By James L. Ferrell
An excerpt from The Peacegiver, published by Deseret Book.

Exhausted, and amazed by what he had just witnessed, Rick was more confused than ever as to why he was there. “What is this about, Grandpa?” he asked again. “What is the point? What do you want me to learn?”

“Do you know the rest of Jonah’s story, Ricky?”

“Sure, he gets swallowed by a big fish and after three days the fish spits him onto dry land, and then he goes to Nineveh and preaches after all, and the people repent and are preserved. I get it. I know the story. But I don’t see what it has to do with me.”

“That’s why we’re here, Ricky-so you will see.”

The winds and waves had suddenly calmed, and the men ascended the ladder en masse. Rick and his grandfather followed them up. Once on deck, they surveyed the scene. The mast had been snapped off only a foot or two above the deck and the sail lost to the sea. Except for a few lonely pieces, the wicker fence had been almost entirely ripped away. But the twilight sky above was clear, and the water lay still as glass. The men dropped to their knees and offered prayers of thanksgiving.

Rick followed his grandfather to the bow and looked out across the now tranquil Mediterranean.

“Do you suppose that you’ve ever fled to Tarshish, Ricky?” his grandfather asked after a minute or two.

“Run from the Lord, you mean? No, I don’t think so.”

“No?” Grandpa asked, raising his eyebrows in Rick’s direction. “Let’s think about what it means to flee to Tarshish.”

Great, here we go again, thought Rick. More Socrates.

“Yes, I suppose so, my boy,” Grandpa said with a brief chuckle. “Let’s think about what we have just witnessed. Why did Jonah flee to Tarshish?”

“For the reason I just said, to run from the Lord.”

“That’s what he was doing, fair enough, Ricky, but why? Why was he running from the Lord?”

“Because he didn’t want to go to Nineveh, I suppose.”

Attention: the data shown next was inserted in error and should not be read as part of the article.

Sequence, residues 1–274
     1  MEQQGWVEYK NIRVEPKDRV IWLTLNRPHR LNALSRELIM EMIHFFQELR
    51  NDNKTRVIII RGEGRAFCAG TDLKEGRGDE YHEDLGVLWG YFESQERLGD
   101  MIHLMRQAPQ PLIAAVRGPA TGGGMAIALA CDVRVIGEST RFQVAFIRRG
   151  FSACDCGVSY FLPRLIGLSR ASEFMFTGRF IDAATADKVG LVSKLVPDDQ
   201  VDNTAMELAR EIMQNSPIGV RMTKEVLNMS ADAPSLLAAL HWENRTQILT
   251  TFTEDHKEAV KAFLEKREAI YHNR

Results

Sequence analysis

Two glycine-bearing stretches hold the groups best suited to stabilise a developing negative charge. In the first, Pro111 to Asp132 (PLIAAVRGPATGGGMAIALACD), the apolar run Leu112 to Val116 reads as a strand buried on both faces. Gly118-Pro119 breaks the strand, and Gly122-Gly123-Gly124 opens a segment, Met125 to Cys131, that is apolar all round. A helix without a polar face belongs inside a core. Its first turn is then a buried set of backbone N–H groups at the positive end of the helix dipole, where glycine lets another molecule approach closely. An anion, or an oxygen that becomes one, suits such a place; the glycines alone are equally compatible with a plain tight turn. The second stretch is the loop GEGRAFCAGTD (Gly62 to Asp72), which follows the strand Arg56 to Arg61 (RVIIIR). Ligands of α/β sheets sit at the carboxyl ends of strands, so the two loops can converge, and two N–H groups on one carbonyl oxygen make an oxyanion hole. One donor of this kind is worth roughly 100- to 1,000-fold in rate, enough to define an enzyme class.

“Yes, but why?”

“I don’t know, Grandpa! I guess he just didn’t want to go. Maybe he didn’t like them.”

“You’re right on both counts,” Grandpa responded, ignoring Rick’s agitation. “He didn’t want to go, and he didn’t like the Ninevites. And the reason he didn’t is because of what they had done to his people, and what they were yet to do.”

“What do you mean?”

“In Jonah’s day, Nineveh was a major city within the Assyrian empire-soon to become its capital. The Assyrians were a brutal, war-mongering people, feared by all around them-including, I might add, the Phoenicians, like the sailors on this ship, who were required to pay tribute to Assyria in order to maintain their sovereignty.

“By this time in history, the Assyrian empire included almost all of present-day Iraq and Syria, and much of present-day Jordan and Turkey. For a time they even controlled Egypt. The Assyrians had been raiding the borders of the northern kingdom of Israel for years, collecting tribute from them as well. And Jonah knew from the words of fellow prophets that the Assyrians would soon destroy the northern kingdom and lead his people into captivity,35 which happened in 721 b.c.”

Grandpa paused for a moment, looking out to sea. “So how could Jonah work to save them?” he finally asked. “Why would the Lord even ask him to? That is what Jonah was stumbling over, Ricky. In his mind, Nineveh didn’t deserve to be saved. And he, one of the aggrieved and mistreated, didn’t deserve to be required to help them.”

Rick remembered his grandfather’s earlier comment about Rick feeling he deserved better from Carol. “So you think I’m like Jonah, then, is that it, Grandpa? You’re saying that I’m upset because I think I deserve better than I’m getting, and in that respect I’m like Jonah.”

His grandfather didn’t say anything.

“Well, maybe I am then. But you know what? I can’t blame Jonah, to tell you the truth, now that I know what he was facing. Who could blame him for not wanting to go to Nineveh? For not wanting to help the very people who soon would wipe out his own people without a second thought? So maybe I am like Jonah. That doesn’t seem so bad to me, under the circumstances. It beats being Nineveh, I’d say.”

“Actually, Ricky, that’s who you are.”



“I’m Nineveh?”

“Yes. And so, by the way, is Jonah. That’s why we’re here. And why Jonah is somewhere in there,” he said, nodding toward the sea.